Disclaimer & Disclosure: I have no connection to either the Burt or Tanaka campaigns, although I am working on the campaign of another candidate in that race. I have consulted with neither the Burt nor Tanaka campaign about this blog.
Briefly, Greg Tanaka contended that in 2016 Burt had advocated banning software development in Palo Alto. Pat Burt responded that he had been misquoted and explained. In summer 2016, it was still news that the New York Times was pumping out fake news, so there was lots of media coverage of the actual situation. Tanaka was a candidate for City Council at the time and should have been aware of those follow-ups. I am surprised that he doesn't at least remember that "ban software development" was shown to be nonsense.
In his question to Burt, Tanaka presents a contradiction: He can't see how Burt could have made such a statement, but he is not skeptical enough to have checked if he did. With a single, simple web search, I found the follow-up articles.
Basic context: In 2016, Pat Burt was mayor and a termed-out Councilmember. The issue of Palo Alto's development policy had become international headlines when a member of the Planning and Transportation Commission, Kate Downing, resigned and published a very partisan pro-development statement. The pro-developer advocacy group Palo Alto Forward, of which Kate Downing was a leader, was hostile to Burt, for example, equating him to Trump.
Google had started in offices in the University Avenue downtown and had gobbled up offices until it moved to Mountain View. Facebook followed the same pattern, with the move to the Stanford Research Park. In 2016, it was Palantir.
The problem was that a healthy downtown would have many categories of offices: small businesses and the small business that supported those small businesses. For example, accountants, insurance, marketing/graphic design, the venture capitalists. The past, and desired, pattern was that start-ups had small offices in downtown and moved into office parks when they got a bit larger.
During the consideration of how to keep large tech companies from further destroying the business ecosystem of downtown, it was discovered that software and hardware research and development was not allowed under the current zoning of University Avenue. Being explored was a change to the zoning code to allow small software companies (and others) in the University Avenue downtown. To the New York Times, this was a desire to ban software development everywhere in Palo Alto.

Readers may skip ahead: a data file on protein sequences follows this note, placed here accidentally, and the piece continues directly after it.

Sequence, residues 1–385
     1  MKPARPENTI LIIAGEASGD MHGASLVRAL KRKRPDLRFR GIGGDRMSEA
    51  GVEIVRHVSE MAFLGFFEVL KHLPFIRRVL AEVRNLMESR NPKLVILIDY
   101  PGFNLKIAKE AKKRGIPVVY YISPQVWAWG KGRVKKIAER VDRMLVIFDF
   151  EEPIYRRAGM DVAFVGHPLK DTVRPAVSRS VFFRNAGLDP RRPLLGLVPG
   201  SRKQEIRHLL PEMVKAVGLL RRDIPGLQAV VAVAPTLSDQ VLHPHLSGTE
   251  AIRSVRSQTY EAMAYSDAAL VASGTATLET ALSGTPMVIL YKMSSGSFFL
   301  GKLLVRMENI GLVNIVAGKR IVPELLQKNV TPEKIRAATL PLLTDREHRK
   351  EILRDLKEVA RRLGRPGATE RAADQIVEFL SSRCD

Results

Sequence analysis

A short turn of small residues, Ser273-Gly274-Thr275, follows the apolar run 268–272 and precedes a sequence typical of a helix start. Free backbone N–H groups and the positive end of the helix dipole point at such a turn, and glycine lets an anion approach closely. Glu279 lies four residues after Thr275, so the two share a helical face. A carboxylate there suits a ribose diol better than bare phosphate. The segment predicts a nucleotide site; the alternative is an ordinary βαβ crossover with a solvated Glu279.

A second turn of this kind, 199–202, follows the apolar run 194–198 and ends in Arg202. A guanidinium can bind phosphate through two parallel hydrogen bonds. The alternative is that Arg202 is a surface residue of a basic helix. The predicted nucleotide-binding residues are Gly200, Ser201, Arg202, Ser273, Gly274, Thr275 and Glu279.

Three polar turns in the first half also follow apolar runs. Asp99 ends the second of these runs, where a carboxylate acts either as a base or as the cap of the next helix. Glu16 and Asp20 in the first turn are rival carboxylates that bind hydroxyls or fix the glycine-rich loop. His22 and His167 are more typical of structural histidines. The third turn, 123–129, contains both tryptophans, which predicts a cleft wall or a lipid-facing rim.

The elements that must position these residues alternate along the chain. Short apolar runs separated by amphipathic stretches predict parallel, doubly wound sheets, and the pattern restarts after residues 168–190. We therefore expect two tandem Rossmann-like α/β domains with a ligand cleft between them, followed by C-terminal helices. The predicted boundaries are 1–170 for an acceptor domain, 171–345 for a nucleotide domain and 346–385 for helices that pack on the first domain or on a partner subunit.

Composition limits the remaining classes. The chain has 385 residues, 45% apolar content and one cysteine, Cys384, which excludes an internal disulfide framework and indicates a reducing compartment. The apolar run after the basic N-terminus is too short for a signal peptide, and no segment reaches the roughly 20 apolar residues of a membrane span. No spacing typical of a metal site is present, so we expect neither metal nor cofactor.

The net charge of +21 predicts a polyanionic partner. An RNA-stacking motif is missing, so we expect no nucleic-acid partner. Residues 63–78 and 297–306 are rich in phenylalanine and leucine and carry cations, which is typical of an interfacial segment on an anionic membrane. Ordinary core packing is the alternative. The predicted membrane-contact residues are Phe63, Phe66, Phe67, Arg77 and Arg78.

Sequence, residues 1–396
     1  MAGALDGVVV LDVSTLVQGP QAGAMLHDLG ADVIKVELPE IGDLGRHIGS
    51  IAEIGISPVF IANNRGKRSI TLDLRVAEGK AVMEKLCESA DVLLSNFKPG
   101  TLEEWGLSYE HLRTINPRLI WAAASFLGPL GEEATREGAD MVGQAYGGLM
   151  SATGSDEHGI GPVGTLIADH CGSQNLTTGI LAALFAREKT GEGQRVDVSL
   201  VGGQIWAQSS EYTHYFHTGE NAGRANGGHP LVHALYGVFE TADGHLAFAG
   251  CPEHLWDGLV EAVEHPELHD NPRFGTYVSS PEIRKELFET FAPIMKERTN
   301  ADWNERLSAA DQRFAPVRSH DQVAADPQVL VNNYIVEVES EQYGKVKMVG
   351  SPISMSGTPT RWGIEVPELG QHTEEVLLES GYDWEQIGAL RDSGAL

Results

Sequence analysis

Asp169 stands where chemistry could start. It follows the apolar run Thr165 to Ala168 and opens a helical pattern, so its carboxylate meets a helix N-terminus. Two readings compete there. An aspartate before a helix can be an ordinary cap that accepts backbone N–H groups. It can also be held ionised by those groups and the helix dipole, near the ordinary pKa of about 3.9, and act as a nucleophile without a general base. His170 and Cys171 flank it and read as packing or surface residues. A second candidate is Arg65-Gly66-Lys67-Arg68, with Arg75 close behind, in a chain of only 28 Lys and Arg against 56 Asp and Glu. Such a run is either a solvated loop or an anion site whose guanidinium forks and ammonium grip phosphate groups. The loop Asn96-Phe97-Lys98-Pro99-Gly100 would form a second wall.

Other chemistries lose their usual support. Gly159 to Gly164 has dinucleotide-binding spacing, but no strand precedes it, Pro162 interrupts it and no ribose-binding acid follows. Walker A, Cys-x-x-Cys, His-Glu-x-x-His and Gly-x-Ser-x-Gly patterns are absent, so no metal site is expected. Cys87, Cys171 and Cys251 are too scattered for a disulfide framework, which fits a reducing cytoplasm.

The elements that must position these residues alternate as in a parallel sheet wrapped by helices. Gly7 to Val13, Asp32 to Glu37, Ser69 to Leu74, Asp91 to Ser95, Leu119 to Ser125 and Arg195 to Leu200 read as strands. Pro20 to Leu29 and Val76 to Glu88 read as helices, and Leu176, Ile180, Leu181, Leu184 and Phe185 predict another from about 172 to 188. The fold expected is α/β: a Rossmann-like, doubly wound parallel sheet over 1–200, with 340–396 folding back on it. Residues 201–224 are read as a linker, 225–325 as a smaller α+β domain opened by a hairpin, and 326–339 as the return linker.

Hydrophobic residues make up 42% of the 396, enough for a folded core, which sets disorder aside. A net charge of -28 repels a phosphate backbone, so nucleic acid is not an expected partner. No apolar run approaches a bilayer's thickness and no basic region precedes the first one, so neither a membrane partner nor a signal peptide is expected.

----Details - if you are that curious ----
Greg Tanaka question (full text):
Automated translation with some corrections and basic dysfluencies removed.
^Listen for yourself @1:40:19^.
"Back in, I think what, 2016 you made the cover of New York Times talking about how you want to ban software development in Palo Alto. I'd love to understand your view. You know tech has been kind of the center of our city for some time. HP started here, and for me to drive out innovation from our city seems so counter -- it doesn't seem like that's Palo Alto, the values of Palo Alto. So I'd like to see you know because if anyone Googles 'pat burt new york times' , you'll see this article that comes up about how the Mayor of Palo Alto is trying to drive out software development -- we're trying to ban software development and I don't understand that. So love for Pat Burt to explain why he was doing that, and why that makes sense for our city."
Pat Burt response (full text):
^Listen for yourself @1:41:05^.
"So first, that's not what I ever said and it was clarified in several other publications. That author actually took a and misrepresented and characterized what I said and put quotation marks around it. But I never said it. What I did say is that unrestrained office development was doing creating imbalance and harming our region more than anything else. And that if we were going to have a jobs and housing imbalance, that we needed to address that and I supported retaining the office cap in the downtown. So I disagreed with you on the amount of office development where you propose a triple the amount of office development that we now are allowing under our Comp Plan. And I supported retaining it a cap on the downtown so we would be able to actually build more housing downtown. And I supported a business tax so that we'd be able to fund that housing, contrary to your positions. Thank you."
"^Message to Tech Firms From Palo Alto Mayor: Go Away. Please.^" - The New York Times, 2016-08-30. (independent archived copy - fake news doesn't deserve ad revenue).
"...the mayor of Palo Alto has an unusual message for some of the cash-flush tech companies based here: Go away. Please.//'Big tech companies are choking off the downtown,' Mayor Patrick Burt said. 'It's not healthy.' ... the mayor is looking to enforce, in some form, an all-but-forgotten zoning regulation that bans companies whose primary business is research and development, including software coding. (To repeat: The mayor is considering enforcing a ban on coding at ground zero of Silicon Valley.)"
Example follow-on article: "^No, Palo Alto isn't going to ban coding^" by Devin Coldewey, TechCrunch, 2016-09-01.
An ^abbreviated index by topic and chronologically^ is available.
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